Security researchers at ESET have identified a new rootkit that takes persistence to a whole new level. Once infected, the LoJax rootkit will remain active on a device even if the operating system is reinstalled or the hard drive is reformatted or replaced.
Rootkits are malicious code that are used to provide an attacker with constant administrator access to an infected device. They are difficult to detect and consequently they can remain active on a device for long periods, allowing cybercriminals to access an infected device at will, steal information, or infect the device with further malware variants.
While reformatting a hard drive and reinstalling the operating system can usually eradicate a malware infection, that is not the case for the LoJax rootkit as it compromises the Unified Extensible Firmware Interface (UEFI) – The interface between the firmware of a device and its operating system. The UEFI runs pre-boot apps and controls the booting of the operating system. Since the LoJax rootkit persists in Flash memory, even replacing a hard drive will have no effect.
The LoJax rootkit may not be detected as most antivirus programs do not check the UEFI for malware. Even if the rootkit is detected, getting rid of it is far from straightforward. Removal requires the firmware to be flashed.
Many cybersecurity professionals consider these UEFI rootkits to theoretical rather than actively being used in real-world attacks, as ESET notes in a recent blog post. “UEFI rootkits are widely viewed as extremely dangerous tools for implementing cyberattacks. No UEFI rootkit has ever been detected in the wild – until we discovered a campaign that successfully deployed a malicious UEFI module on a victim’s system.” The rootkit was installed by a threat group known as Fancy Bear, a cyberespionage group believed to have strong links to the Russian military intelligence agency, GRU.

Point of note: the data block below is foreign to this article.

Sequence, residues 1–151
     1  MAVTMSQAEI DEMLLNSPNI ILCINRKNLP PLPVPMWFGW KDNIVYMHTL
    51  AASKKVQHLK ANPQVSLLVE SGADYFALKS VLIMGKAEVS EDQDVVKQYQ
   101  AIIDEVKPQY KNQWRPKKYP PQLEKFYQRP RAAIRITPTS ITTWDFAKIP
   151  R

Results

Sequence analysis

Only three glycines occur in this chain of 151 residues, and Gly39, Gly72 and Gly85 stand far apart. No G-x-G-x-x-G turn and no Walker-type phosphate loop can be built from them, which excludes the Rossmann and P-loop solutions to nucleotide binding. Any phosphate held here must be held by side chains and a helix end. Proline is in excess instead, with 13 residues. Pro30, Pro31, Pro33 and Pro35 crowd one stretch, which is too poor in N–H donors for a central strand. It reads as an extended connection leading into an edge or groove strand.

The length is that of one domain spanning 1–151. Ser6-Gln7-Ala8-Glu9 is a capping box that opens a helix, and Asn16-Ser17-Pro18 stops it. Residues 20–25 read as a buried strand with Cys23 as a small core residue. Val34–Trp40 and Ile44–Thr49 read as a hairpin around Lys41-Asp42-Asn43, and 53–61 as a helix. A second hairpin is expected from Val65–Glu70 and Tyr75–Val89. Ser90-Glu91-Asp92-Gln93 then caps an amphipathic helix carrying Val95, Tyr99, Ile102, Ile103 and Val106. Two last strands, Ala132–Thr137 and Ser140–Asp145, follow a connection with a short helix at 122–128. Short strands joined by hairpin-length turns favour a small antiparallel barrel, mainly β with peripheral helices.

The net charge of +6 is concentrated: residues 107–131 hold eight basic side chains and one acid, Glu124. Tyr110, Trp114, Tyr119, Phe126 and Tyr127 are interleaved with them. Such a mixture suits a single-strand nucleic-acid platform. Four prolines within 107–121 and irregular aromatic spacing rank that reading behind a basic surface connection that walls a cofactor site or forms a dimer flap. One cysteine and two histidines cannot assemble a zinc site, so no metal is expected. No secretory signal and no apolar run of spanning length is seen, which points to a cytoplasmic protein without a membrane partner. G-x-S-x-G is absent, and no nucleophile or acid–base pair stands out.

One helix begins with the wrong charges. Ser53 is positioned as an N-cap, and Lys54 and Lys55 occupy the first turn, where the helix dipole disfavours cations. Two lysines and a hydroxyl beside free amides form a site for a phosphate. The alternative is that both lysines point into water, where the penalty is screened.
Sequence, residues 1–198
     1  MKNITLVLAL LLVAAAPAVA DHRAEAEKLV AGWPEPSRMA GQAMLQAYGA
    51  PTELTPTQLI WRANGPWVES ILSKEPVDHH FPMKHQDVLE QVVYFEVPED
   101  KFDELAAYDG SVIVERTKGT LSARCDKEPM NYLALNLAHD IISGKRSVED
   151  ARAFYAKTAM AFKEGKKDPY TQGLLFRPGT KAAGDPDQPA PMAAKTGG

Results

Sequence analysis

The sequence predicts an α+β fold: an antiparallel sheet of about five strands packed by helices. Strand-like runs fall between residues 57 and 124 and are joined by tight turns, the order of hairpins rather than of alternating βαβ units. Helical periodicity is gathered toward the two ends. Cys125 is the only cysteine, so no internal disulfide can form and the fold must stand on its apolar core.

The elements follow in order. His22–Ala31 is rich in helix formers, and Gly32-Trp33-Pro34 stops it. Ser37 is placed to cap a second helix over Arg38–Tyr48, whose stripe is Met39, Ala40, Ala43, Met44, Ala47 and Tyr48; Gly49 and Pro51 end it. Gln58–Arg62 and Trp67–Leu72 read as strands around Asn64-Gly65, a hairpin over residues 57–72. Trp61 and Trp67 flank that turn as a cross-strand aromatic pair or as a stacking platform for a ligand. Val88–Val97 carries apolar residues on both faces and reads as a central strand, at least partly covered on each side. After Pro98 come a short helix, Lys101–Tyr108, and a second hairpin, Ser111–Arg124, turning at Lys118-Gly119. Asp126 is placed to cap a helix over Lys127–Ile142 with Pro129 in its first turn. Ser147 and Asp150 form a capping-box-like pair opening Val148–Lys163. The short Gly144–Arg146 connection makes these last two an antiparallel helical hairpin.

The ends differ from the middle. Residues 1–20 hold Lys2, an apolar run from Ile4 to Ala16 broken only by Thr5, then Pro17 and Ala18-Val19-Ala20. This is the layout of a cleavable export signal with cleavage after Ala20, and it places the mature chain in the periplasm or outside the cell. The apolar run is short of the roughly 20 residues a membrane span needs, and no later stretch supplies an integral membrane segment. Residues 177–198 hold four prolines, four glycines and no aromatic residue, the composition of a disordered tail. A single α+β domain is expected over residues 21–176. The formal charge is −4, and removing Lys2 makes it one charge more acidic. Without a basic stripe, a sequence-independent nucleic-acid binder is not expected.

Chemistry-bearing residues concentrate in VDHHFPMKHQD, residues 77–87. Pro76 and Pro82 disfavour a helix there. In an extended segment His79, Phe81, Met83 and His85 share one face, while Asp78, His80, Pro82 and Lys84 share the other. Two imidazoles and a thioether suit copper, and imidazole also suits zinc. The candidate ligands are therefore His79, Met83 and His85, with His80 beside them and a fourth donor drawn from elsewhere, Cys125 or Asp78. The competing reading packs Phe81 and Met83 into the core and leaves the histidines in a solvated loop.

LoJax is not, in itself, an information stealer. It is a backdoor that allows a system to be accessed at will for espionage purposes, data theft, or for the installation of malware. It can also allow an infected device to be tracked geographically.
What is unclear is how the attackers gained access to the device to install the rootkit. ESET believes the most likely way that was achieved was with a spear phishing email. Once access to the device was gained, the UEFI memory was read, an image was created, then modified, and the firmware was replaced with the rootkit installed. The rootkit was installed on an older device which had many other types of malware installed. More modern devices have controls in place to prevent such attacks – Secure Boot for instance. However, that does not necessarily mean they are immune.
“Organizations should review the Secure Boot configuration on their hardware and make sure they are configured properly to prevent unauthorized access to the firmware memory,” wrote security intelligence team lead at ESET, Alexis Dorais-Joncas. “They also need to think about controls for detecting malware at the UEFI/BIOS level.”